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Through the Eyes of the Lynx – A Galileo’s World Exhibit

A book from Through the Eyes of the Lynx, Galileo's World

The year 2015 featured many groundbreaking new initiatives for the University of Oklahoma, including an innovative museum exhibition through the university’s Sam Noble Oklahoma Museum of Natural History. Galileo’s World, a collection of interactive exhibits that inspire active audience engagement with history, providing an example of the exciting new frontiers available for students of museum studies.  

In honor of the University of Oklahoma’s 125th anniversary, the Sam Noble Museum launched Through the Eyes of the Lynx: Galileo, Natural History and the Americas—one of two Galileo’s World exhibitions—in collaboration with the Bizzell Memorial Library, the National Weather Center, the Fred Jones Jr. Museum of Art, Headington Hall, the Robert M. Bird Health Sciences Library and the OU-Tulsa Schusterman Library. It features 20 exhibits at seven locations in Norman, Oklahoma City and Tulsa. Lasting through 2016, Galileo’s World features 300 written works from The Academy of the Lynx that include precious pieces by Aristotle, Giovanni Battista Ferrari, Sebastian Munster, Pliny the Elder, Ptolemy and Galileo Galilei.

The Academy of the Lynx, Accademia dei Lincei, remains one of the world’s oldest and most storied scientific societies, with historic collections dating to the first century and membership including scientific giants such as Galileo. Through the Eyes of the Lynx provides a window into their world, using modern technology and display techniques to make the ancient texts available for public viewing.

The current Lynx exhibit details the works of 16th century Spanish Court physician Francisco Hernandez de Toledo as he attempted to completely record Native American flora and fauna in Central Mexico. Utilizing Aztec artists and physicians, Hernandez and his son traveled and worked for seven years, diligently logging the descriptions of plants and animals and their medicinal uses, including detailed illustrations. Hernandez’s work in the New World became a multi-volume series describing thousands of flora and fauna yet to be seen by most of the world at the time. In addition to Hernandez’s collection, priceless classical works that influenced members of the Lynx to experiment with their own theories regarding the New World discoveries, and the results, are memorialized in the publications in the exhibit.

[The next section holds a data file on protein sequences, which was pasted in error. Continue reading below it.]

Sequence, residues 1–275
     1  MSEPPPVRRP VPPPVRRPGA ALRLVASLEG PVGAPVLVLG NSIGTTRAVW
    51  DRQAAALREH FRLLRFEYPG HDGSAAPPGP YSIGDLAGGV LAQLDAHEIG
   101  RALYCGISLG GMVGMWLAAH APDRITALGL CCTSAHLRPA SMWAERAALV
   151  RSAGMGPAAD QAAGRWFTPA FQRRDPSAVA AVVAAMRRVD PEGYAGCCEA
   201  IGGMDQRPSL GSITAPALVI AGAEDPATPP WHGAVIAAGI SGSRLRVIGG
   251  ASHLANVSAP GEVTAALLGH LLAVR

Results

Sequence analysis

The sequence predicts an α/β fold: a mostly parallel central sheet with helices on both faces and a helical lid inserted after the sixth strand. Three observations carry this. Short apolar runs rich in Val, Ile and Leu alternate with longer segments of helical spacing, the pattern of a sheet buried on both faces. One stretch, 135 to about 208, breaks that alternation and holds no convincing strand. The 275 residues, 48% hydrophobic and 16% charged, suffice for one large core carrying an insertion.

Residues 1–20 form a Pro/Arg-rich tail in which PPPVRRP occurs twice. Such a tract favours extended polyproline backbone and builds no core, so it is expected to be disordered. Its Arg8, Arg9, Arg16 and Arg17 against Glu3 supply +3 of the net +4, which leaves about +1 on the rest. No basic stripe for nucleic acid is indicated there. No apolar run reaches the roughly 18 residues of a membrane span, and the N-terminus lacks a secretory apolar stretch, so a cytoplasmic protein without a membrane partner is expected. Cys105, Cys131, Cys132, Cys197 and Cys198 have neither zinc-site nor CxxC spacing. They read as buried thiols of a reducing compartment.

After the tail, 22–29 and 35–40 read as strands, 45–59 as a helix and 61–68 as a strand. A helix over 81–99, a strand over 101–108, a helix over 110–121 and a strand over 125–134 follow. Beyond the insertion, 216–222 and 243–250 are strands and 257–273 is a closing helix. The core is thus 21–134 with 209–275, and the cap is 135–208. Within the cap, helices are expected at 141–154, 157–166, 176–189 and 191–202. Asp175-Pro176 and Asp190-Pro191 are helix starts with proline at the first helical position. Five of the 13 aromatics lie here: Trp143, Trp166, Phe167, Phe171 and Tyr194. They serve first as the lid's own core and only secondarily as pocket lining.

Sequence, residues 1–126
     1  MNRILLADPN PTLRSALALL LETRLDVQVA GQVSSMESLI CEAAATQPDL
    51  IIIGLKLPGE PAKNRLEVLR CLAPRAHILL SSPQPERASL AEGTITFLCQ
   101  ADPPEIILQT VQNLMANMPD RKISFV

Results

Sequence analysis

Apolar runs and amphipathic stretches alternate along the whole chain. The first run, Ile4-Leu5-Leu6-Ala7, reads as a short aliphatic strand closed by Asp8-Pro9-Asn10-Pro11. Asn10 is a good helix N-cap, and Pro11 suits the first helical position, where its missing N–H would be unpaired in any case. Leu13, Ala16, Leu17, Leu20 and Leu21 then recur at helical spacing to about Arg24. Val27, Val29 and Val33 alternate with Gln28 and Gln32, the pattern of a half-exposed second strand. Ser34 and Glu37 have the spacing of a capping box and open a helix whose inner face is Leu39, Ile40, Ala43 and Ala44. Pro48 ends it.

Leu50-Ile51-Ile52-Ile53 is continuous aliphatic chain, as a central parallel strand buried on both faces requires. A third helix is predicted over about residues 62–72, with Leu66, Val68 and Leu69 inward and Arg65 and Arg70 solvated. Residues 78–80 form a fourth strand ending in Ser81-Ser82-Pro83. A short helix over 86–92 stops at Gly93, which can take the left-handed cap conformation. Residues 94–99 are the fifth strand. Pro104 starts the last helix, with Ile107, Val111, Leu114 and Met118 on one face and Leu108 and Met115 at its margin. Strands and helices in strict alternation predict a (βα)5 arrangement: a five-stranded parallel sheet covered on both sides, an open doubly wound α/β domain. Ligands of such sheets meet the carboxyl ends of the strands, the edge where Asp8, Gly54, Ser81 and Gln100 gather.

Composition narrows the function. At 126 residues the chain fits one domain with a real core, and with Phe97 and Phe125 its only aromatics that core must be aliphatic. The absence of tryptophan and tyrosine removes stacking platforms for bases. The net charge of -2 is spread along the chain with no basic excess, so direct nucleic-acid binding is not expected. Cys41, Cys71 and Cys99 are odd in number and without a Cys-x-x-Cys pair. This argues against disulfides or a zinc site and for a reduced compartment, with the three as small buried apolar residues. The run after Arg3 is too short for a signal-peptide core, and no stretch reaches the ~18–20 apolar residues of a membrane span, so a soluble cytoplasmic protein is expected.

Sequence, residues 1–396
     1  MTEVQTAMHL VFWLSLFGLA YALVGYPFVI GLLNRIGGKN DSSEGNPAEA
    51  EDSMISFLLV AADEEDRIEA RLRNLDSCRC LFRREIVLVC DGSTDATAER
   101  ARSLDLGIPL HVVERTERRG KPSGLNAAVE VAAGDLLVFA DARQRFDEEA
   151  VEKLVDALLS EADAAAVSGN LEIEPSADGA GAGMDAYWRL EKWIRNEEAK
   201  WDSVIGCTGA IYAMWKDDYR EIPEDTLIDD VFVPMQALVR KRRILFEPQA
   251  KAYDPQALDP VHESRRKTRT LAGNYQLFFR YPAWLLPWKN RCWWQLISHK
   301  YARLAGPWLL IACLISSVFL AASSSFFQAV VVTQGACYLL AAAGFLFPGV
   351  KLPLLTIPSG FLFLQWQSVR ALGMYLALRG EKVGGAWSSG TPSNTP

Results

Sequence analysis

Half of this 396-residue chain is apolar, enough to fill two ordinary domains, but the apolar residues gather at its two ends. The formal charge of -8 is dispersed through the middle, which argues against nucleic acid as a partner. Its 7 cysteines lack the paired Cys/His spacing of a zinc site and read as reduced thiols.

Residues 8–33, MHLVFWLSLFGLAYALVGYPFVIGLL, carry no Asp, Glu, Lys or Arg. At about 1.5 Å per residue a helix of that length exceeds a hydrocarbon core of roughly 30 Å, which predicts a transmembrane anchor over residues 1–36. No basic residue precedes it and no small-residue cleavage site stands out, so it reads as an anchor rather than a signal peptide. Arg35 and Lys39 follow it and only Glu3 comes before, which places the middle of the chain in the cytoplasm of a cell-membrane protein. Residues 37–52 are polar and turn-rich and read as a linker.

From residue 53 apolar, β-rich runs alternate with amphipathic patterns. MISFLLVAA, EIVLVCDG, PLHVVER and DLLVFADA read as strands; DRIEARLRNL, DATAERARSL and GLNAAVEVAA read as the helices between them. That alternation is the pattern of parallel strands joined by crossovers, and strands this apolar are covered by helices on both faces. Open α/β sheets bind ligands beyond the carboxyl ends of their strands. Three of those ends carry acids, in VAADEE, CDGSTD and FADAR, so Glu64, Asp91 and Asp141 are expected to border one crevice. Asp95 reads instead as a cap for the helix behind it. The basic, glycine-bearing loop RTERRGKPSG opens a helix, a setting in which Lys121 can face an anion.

According to spokesperson Jen Tregarthen, “Through the Eyes of the Lynx is a unique opportunity for the Sam Noble Museum to provide an authentic, all-encompassing experience for our visitors to witness how discoveries in the 16th century were made.”

The museum will offer Galileo’s World Lecture Series and Sky Watch every second Thursday of the month, November 2015 through July 2016. Sky Watch and the lecture series are complimentary and open to the public, and are hosted by the University of Oklahoma’s Observatory on the museum lawn.

The Sam Noble Museum is located on the University of Oklahoma’s Norman campus at J. Willis Stovall Road and Chautauqua Avenue. For accommodations on the basis of disability, call (405) 325-4712 or visit their website.

Deah Caldwell
Deah Caldwell is a Future Student Services advisor for the College of Liberal Studies. In 2010, she earned her master’s degree in History from the University of Central Oklahoma. She also contributes to Insight magazine, the CLS blog and CLS web content efforts.

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